Issaquah on ice: Snowstorm snarls traffic, prompts school closures
November 30, 2010
By Warren Kagarise
The nightmare occurred long before Christmas — and before Thanksgiving.
Issaquah and the Puget Sound region slid to a halt during a fall snowstorm Nov. 22. The storm snarled commutes for Issaquah residents and prompted road crews to toil through Thanksgiving to clear streets. The poor conditions interrupted the regional transit system and left riders huddled in bus shelters. The fallout sent shoppers scrambling to stores for emergency supplies and Thanksgiving staples.
The mercury dipped into the teens and 20s — record cold temperatures — in the days after the storm and turned roads icy.
“People were very understanding of the situation,” Issaquah Police Patrol Cmdr. Scott Behrbaum said. “I think a lot of people were just trying to get home Monday night.”
Some motorists abandoned vehicles and turned road shoulders along Highlands Drive Northeast, Newport Way Northwest and Southeast Black Nugget Road into impromptu parking lots. Police impounded more than 30 vehicles in travel lanes as conditions deteriorated Nov. 22.
Bret Heath, city Public Works Operations and emergency management director, said the storm reminded drivers to prepare for poor road conditions.
“If you’re going to travel, you need to be prepared for it,” he said. “Going out without being prepared to travel in winter weather or not having the skills to travel in winter weather just causes problems for everybody on the road.”
Issaquah School District administrators released students early Nov. 22 in order to allow more time for elementary school bus routes later in the day. Traffic and poor road conditions caused students on 17 school buses to remain stuck on roadways at 5:30 p.m. — long after the afternoon routes usually conclude.
The district later canceled classes through the Thanksgiving holiday. Students returned to school Nov. 29.
The road home
The snowflakes started to fall Nov. 22 as Diana Boyd sat inside a Seattle office.
The bus commuter left the office early to catch a King County Metro Transit bus home to the Klahanie area.
“I got out of there at about 3:30, and the roads in Seattle were looking OK,” she said. “By the time the bus finally got to Issaquah, it was a mess.”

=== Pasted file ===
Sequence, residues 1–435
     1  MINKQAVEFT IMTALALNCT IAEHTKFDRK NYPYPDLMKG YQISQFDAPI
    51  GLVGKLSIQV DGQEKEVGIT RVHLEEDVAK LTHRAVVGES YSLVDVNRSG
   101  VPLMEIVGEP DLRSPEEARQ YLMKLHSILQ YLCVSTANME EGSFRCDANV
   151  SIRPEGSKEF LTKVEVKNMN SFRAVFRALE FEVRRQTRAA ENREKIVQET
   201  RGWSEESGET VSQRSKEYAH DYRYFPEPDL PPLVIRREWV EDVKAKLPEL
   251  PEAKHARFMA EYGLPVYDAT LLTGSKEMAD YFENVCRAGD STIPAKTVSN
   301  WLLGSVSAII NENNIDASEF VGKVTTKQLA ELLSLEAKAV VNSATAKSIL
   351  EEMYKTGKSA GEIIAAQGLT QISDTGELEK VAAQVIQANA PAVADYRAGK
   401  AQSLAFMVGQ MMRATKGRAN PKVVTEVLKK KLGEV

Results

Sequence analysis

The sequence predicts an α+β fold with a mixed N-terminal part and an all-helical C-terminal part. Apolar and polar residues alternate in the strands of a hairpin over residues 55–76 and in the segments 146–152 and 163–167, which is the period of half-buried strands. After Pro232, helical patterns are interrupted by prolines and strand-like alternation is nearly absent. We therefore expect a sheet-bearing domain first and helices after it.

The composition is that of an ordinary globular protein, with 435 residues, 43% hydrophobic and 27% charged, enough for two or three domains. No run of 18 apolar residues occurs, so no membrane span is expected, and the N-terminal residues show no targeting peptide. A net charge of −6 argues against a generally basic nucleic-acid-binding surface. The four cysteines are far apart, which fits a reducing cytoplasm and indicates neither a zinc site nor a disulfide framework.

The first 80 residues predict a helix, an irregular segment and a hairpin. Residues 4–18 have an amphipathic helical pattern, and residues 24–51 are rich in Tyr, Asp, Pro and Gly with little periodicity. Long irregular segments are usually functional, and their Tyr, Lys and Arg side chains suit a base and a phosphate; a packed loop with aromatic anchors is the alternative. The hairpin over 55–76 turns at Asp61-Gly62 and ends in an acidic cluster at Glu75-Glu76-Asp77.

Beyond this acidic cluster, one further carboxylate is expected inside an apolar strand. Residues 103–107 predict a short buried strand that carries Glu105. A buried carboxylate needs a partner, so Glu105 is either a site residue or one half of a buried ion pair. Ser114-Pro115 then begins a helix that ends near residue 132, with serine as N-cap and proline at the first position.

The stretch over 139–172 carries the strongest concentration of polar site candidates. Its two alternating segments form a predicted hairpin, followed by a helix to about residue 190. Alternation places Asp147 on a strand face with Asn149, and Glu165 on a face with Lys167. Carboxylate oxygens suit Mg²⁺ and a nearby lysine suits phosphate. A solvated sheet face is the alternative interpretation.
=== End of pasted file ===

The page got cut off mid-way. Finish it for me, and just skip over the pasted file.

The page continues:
Boyd and about 50 other passengers lingered at the Issaquah Transit Center for about 60 minutes in the storm.
“I was probably about five minutes away from saying, ‘Bag it, I’m going to go to a hotel,’” she said.
Then, a bus stopped near the transit center shelter.
“I’m not even sure if this was a regularly scheduled shuttle,” she said. “The driver just said, ‘Get on, we’re going to the highlands.’”
Riders jammed inside the bus, like sardines, for the ponderous trip to the Issaquah Highlands Park & Ride — and then on to home.
“The roads got sanded a lot earlier, so it really made getting around up here a lot easier,” Boyd said.
City and King County Road Services Division crews operated around the clock and on Thanksgiving to combat ice and snow.
The storm turned Issaquah-Hobart Road Southeast treacherous and caused traffic to back up onto Front Street North in downtown Issaquah.
Mike Barer spent hours on a slow trip from the Crossroads area in Bellevue to Maple Valley. Barer inched along Issaquah-Hobart Road Southeast past a stalled tractor-trailer and snowplow, plus numerous cars stuck in roadside ditches.
A car also crashed through a fence and almost nailed a house along Front Street South.
“We barely were able to safely pass the carnage on the street and turn onto Cedar Grove” Road Southeast, Barer said.
Winter wonderland — and workload
The snowstorm resulted in a long Thanksgiving holiday for students and others.
Issaquah resident Jessica Towns and stepdaughter Rosaline Camara, 9, headed to a hill near the Issaquah Community Center for some sledding Nov. 23. Towns opted not to brave the slick hillside on a plastic sled.